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B.
This is so validating. Both my brother and I have ADHD, though being a woman I was late diagnosed in my 30s. I'm now in my 40s. We both have a horrid sense of direction to the point where I have been lost and found my way back going against my instincts. I will CONFIDENTLY turn in the wrong direction every time. I have trouble leaving a store in the mall without turning the wrong way once I leave. I have lost my car in the parking lot nearly every time to the point I was convinced someone stole it. My husband thinks it's charming and quirky but I spent half my life lost. Voice and visual GPS has helped immensely but I absolutely hate going somewhere for the first 4-5 times until I am familiar with an area. It's wild to see so many also experience this. Also although my meds have helped a ton it has not helped with this.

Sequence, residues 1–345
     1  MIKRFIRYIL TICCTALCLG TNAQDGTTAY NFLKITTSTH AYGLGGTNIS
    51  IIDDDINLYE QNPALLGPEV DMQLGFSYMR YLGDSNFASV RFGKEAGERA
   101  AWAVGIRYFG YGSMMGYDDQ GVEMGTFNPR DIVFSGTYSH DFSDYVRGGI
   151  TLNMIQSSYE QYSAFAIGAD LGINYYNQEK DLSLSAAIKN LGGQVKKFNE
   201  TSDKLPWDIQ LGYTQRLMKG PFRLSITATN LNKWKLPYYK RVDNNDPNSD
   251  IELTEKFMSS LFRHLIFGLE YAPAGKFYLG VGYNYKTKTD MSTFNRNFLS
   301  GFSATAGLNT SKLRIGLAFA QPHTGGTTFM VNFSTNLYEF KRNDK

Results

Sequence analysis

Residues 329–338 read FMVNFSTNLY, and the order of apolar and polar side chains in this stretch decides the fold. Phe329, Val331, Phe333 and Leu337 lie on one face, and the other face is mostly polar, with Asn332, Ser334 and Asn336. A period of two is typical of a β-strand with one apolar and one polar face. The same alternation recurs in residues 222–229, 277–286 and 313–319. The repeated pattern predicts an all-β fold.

Honest
"Charming", "endearing"? When, at what point in the film? This character was neither. She was annoying at best. I had to rewind multiple times before 17 minutes b/c I didn't know what was going on and she was UGH maddening. Egotistical. She was written as stupid, which I do not appreciate in general. Btw, Kristen Wiig TOO OFTEN includes in her performances MOUTHING something. What? What did she say? CC does not pick up mouthing. SHE needs to ALWAYS add into her work on screen or other characters are saying AND for sight challenged people that dialog should be be SPOKEN. Why does she too often do this? I gave up at 25:00 minutes. What is Kristen trying to work out in mer mind playing these types of characters. She certainly is not educating society.
Danni
I can totly relate have been running my own dog grooming business single handled for past 17 years.3 weeks ago a was unwell with a severe flu virus. NOW have extreme anxiety 24/7 have panic attacks at the thought of going back to work ( which I really enjoy). Some days I don't even want to get out of bed,other days I do the bare minimum house hold chores.These last 3 weeks have been awful, can anyone else relate ?
Frank
Hey, I just wanted to reach out and say that many people who are living with Dissociative Identity Disorder can entirely understand and appreciate where you're coming from.